Big Ten Is Running the College Basketball Show
Going back to January 7, the Ohio State Buckeyes have lost four straight Big Ten games — a rare occurrence. When the Buckeyes’ losing streak commenced, they were ranked third in the country; now, they’re No. 17. They’ve shown more than a few weaknesses these past four games, like losing back-to-back to unranked teams, but the struggles can also be ascribed to a very tough Big Ten.
Now that the college basketball season is about 20 games in and more than half over, it’s tough to think that a ranked team can still be overrated or that a sub-.500 team might be dramatically underrated. Since the conference season started in late December, it has yet to disappoint.
The Big Ten has been a perfect example of parity amongst teams. Just look at Nebraska: Its 1-4 conference record is second to last. But the Cornhuskers lost a home nail-biter against Michigan on January 9 that went down to the last shot falling just short and then defeated the 17th-ranked Buckeyes at home on January 20. Whether it’s Nebraska or winless Penn State, the Big Ten’s “bad” teams emphasize the conference’s depth and quality of play.
Winning in general has proved to be no small task this season, but winning on the road even more so, something true of college basketball as a whole. The major basketball conferences that have continually had the most ranked teams this season and been the most consistent from top to bottom (the ACC, Big Ten, and Big 12) currently have a road win percentage of just 42.3 percent. Alone, the Big Ten checks in a hair less at 42.1 percent.
The low road winning percentages are to be expected. If history has shown us anything, it’s that winning in college basketball on the road, no matter who you are and who you’re playing, is difficult. Any Big Ten road win is a good win. Just look at Wisconsin on January 14 — the Badgers were the third-ranked team in the country and traveled to Bloomington to play an unranked and rebuilding Indiana. The unfriendly confines of Assembly Hall proved to be too much for the Badgers despite their superior ranking, and they became just another statistic in a difficult conference.
What makes the road so difficult to win on? Well, first off, there’s nothing worse than a home team’s student section. They’ll banter and yell and curse at the visiting team, all the while using anything from a mother’s first name or mocking an air ball to infuriate and rattle opposing players. Then you consider playing on an unfamiliar court and more times than not, the ball just doesn’t fall.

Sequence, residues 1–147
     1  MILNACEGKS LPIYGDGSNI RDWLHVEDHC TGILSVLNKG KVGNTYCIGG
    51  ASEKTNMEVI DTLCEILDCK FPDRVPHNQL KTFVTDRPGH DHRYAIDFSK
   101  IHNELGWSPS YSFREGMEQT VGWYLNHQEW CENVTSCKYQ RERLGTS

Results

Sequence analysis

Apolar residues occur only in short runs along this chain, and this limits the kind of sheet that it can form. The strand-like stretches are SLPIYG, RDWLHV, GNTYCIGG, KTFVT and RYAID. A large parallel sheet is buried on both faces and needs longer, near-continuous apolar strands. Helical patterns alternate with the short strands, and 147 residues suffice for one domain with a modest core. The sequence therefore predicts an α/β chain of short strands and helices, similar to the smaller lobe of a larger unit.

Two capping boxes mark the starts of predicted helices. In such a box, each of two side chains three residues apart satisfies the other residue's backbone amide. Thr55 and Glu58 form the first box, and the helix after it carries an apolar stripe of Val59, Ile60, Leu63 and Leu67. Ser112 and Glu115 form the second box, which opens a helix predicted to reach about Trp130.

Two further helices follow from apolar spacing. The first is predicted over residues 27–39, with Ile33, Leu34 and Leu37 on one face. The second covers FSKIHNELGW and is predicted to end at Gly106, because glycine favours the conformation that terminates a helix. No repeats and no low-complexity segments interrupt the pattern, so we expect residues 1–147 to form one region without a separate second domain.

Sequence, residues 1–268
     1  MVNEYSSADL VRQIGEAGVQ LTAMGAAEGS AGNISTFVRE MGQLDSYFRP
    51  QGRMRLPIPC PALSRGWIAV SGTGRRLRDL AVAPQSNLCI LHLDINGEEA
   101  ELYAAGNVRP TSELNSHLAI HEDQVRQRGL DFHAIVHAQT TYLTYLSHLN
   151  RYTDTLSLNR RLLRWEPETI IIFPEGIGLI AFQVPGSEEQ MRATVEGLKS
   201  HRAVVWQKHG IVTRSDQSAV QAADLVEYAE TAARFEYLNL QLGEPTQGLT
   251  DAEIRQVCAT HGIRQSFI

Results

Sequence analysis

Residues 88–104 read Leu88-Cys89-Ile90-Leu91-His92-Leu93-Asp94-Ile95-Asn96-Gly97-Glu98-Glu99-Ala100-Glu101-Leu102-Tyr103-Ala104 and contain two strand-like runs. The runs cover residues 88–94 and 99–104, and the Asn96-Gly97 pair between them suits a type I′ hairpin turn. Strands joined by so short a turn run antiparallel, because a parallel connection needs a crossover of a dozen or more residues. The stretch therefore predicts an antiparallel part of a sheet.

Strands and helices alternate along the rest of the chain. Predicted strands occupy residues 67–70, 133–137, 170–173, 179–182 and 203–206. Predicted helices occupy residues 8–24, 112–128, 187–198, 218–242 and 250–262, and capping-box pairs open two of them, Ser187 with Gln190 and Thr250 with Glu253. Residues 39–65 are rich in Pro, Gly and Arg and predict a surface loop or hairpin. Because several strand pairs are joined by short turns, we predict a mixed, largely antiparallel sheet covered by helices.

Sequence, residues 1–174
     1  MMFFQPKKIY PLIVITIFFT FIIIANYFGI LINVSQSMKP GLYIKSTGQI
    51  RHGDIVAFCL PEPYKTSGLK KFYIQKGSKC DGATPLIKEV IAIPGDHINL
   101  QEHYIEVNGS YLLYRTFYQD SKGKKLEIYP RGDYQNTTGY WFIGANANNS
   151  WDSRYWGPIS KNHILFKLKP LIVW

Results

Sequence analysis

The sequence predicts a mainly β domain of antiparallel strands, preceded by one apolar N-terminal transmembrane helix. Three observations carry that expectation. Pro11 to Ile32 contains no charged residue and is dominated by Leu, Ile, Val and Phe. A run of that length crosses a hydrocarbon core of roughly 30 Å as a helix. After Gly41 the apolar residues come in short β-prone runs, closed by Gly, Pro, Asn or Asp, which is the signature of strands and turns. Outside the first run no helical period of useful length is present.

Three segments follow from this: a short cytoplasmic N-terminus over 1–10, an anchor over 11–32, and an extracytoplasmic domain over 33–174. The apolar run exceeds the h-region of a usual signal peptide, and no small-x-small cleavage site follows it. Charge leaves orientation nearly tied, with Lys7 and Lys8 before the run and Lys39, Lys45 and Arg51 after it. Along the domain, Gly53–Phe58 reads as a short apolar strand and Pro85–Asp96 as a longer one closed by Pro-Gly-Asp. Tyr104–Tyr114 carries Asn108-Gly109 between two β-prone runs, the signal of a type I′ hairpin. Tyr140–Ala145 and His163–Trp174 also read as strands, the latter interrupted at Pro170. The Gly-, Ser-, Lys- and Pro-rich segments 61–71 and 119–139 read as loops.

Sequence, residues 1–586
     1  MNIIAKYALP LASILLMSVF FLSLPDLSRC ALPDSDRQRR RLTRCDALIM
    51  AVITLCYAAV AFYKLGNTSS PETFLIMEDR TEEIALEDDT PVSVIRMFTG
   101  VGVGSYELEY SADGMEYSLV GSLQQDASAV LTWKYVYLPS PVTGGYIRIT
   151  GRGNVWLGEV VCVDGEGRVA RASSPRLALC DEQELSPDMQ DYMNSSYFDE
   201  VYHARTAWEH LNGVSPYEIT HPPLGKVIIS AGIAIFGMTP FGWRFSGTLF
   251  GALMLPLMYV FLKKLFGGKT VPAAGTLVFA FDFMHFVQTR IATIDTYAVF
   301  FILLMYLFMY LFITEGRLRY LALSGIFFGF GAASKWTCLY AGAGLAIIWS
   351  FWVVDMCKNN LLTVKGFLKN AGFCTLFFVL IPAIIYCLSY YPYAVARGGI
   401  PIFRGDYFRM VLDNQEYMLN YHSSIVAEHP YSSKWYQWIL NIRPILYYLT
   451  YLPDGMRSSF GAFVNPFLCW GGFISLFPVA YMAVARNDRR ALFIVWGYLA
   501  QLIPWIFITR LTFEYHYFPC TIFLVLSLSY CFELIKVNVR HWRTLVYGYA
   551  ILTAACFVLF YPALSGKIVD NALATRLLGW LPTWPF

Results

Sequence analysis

Presently, the Big Ten has the second most ranked teams (five) in the AP Poll of any conference in the country, just one behind the Big 12. College basketball analyst Ken Pomeroy’s rankings, which use calculations and statistical analysis to determine how good a team will be instead of how good they are, presents a different picture than the standard polls. While the AP and Coaches Polls use mostly wins, losses, and recent trends to determine the rankings, Pomeroy takes into account strength of schedule, points for and against, and offensive and defensive efficiency, among other criteria.
In Pomeroy’s top-20 ranked teams, the ACC and the Big Ten appear more than any other conference, at four teams apiece. This advanced analysis highlights the difficulty of playing in the Big Ten (and other top conferences) because it factors in that a team that regularly plays elite competition is bound to lose, even to a technically lesser opponent. Iowa, with four losses that all came against top-25 teams, is the highest ranked team in these advanced statistical ratings.
Pomeroy’s analysis also looks at the win-loss margin. Considering the Hawkeyes lost to then-No. 17 Iowa State on the road by just three points and then-No. 4 Wisconsin by four, it isn’t unfathomable that they’re be ahead of Michigan State, despite the Spartans’ 18-1 overall record.
Taking into account strength of schedule and even some of the more intangible characteristics of basketball, Pomeroy’s analysis goes much deeper than simple numbers and statistics. For example, the Big Ten tends to have more veteran teams (though not Michigan this season), whereas your Kentuckys or Kansases of the NCAA usually have a few one-and-done stars. The experience that comes with veteran leadership is difficult to measure numerically but can turn a good team into a great one down the stretch.
In the preseason, Iowa was predicted to be a good team, but certainly not a top 10 team. The national champion probably won’t come from the Big Ten; heck, it hasn’t in more than a decade — though it’s not a coincidence that Big Ten teams regularly make it deep into the NCAA Tournament, either. The level of play is solid from first place to last place, and even if you’re at Northwestern’s Welsch-Ryan Arena, which seats only 8,117 fans, playing on the road there is still a daunting undertaking.
When all is said and done, comparing the Big Ten to the ACC or the Big 12 is nigh impossible. Each conference has good and bad teams, and the tiny margin of disparity makes them elite among some of the smaller conferences. The parity between the Big Ten’s best and worst make road wins against even the weakest teams in the conference that much more impressive. No conference could ever earn the outright title of “best in college basketball,” but there’s no doubt the Big Ten has been a leading candidate this season.